Wednesday, October 3, 2012
Silver Gate, Montana

    It's 27 degrees when we leave Silver Gate about 6:45 a.m., but it doesn't feel that cold. We load up the 4-Runner, me in a sweater, T-shirt and thermal shirt, and I feel perfectly comfortable. A few stars twinkle as we pull out of the cabin drive. We pass Barronnette Peak ever vigilant of wildlife that might leap out onto the road. A cow elk darts out of the forest and quickly reverses, twisting away from the vehicle in front of us. I can see the alarm in her eyes.
   By the time we reach Soda Butte Cone, the wind is blowing and the cold sinks in. Lamar Valley is tranquil with hardly a bison grazing, until we reach Midpoint where cars string out in the turnouts. The Lamar Canyon Pack is in view making tracks across the river. In the group are 6 wolves. I think I see 755M and 754M, two black wolves, and two gray. At first they rest in the grass, play with each other, and then take off in the direction of Amethyst Bench in a diagonal line we've seen so many times. We go east to find the pups, who have been traveling the ledge trail. Parking at Hitching Post, we wait and just miss them. They sneak back to the den site without us catching them. It helps to know where exactly to look in the tangle of trees. The Lamar Canyons have four pups this year: two black and two gray.
   So we head back toward Little America where I hope we'll find yesterday's grizzly. Wolves from the "New Pack," a group made up of wolves from the Mollie Pack and the Blacktail Pack, are on top of Mom's Ridge, bedded near a long stand of aspen.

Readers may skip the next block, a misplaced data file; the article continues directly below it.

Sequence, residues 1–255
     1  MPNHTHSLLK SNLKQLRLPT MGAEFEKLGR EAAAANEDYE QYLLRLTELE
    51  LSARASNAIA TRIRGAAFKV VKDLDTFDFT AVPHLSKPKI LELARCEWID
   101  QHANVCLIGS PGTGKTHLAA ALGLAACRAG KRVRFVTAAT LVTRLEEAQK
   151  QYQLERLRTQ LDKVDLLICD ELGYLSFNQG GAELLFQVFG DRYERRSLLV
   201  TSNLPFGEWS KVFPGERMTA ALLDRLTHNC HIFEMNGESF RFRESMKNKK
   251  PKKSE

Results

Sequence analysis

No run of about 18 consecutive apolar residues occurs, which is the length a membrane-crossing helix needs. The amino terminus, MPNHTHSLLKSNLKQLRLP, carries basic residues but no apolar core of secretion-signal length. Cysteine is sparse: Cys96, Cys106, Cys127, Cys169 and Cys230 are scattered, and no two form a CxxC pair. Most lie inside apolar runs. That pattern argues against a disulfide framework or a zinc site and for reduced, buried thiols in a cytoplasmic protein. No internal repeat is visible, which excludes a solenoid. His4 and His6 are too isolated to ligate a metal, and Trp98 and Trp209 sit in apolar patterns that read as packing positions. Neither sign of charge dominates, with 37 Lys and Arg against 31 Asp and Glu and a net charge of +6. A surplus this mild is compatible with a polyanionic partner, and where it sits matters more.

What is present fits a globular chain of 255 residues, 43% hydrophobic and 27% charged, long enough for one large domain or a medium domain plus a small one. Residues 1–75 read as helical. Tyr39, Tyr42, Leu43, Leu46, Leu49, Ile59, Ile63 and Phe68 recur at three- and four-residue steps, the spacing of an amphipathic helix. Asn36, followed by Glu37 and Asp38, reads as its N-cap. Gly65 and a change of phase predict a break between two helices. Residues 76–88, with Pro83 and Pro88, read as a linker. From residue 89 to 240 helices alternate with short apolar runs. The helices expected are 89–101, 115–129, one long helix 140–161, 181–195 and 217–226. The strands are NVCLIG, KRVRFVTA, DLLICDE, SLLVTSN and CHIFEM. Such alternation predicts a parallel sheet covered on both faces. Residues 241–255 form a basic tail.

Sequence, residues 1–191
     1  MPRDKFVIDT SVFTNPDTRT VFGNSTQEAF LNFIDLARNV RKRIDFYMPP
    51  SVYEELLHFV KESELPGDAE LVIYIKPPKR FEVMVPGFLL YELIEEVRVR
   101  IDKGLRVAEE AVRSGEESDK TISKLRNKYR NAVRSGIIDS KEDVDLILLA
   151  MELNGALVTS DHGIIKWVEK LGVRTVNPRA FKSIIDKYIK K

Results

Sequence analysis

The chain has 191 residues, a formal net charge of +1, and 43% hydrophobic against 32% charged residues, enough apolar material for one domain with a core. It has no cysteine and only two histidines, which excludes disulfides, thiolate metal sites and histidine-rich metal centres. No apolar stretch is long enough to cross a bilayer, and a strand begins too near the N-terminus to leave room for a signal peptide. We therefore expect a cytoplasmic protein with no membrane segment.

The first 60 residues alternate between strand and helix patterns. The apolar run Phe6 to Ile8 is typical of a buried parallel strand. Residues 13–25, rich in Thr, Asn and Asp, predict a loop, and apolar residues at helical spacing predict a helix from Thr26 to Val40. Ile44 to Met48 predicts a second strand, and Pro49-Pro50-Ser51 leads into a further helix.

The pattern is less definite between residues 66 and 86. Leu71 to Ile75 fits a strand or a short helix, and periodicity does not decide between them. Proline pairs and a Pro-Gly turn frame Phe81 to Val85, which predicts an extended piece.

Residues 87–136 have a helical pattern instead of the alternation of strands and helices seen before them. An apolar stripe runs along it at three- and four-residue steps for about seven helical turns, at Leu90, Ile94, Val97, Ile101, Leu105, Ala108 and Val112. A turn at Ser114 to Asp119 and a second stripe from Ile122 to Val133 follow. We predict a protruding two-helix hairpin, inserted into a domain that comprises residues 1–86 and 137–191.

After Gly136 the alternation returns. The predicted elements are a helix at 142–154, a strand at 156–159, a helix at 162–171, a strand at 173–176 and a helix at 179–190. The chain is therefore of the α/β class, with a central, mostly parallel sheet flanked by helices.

Far away, we can see three blacks and at least one gray, tiny figures playing and lounging in the grass. Others have counted eight wolves, four black and four gray. I don't know how many are pups - two? "Puff" of the Blacktail Pack has been seen with this group, and 823F of the Mollie Pack.
   Today we hike the Lava Creek Trail, an unmarked trailhead at the edge of the Blacktail Plateau. A sign a few yards in from the Lava Creek picnic area points one way to Mammoth and the other way to Blacktail. The trail descends to Lava Creek, skirting the slopes of Mt. Everts. The path is rocky and narrow, winding down the slope through sage, juniper trees and tall grass. The creek is broken by Undine Falls and a couple of other water falls. We walk down to a marked primitive campsite, neatly spaced out next to the creek. At the eastern end of the campsite rests an intact skull and antlers of an elk. It leans against a tree, carefully placed there. Scattered about are other elk bones: a spine, a leg bone. Wolf tracks made during the last rain are scattered on the trail, deeply embedded in the sandy soil. The number of prints indicates this is a heavily used trail.
   We are about to turn around when we come across a large group of big horn sheep ewes and lambs grazing peacefully on the hillside. A few jump away, but for the most part they tolerate our presence. They walk up and down the slope to the creek, ignoring us or keeping one eye on us. A few even walk toward us. We continue past the sheep scaring a coyote out of the tall, golden grass. He leaps in the air and runs away, all the while looking back at us. After frightening the coyote, some of the sheep draw closer to us, getting within four feet or so. This is the point we turn around and begin the trek uphill. A bluebird flies in circles and then flutters in place in mid-air. The uphill climb is more challenging, but no less enjoyable giving us views of the Gardiner Bridge and sheep on top of Mt. Everts.
   The Lamar Canyons, at least six of them including 755M and 754M, are curled into balls in what we think is their rendezvous site. We heard that '06 and 820F were in Silver Gate recently. The wolves need to stay within the Park boundaries as the wolf hunt is on and there are people in Cooke City itching to shoot a wolf. It surprises me that people who make a good living from wolf watchers would jeopardize that relationship.

Author - Christine Baleshta
Photography - Tim Springer

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Yellowstone Experiences 2012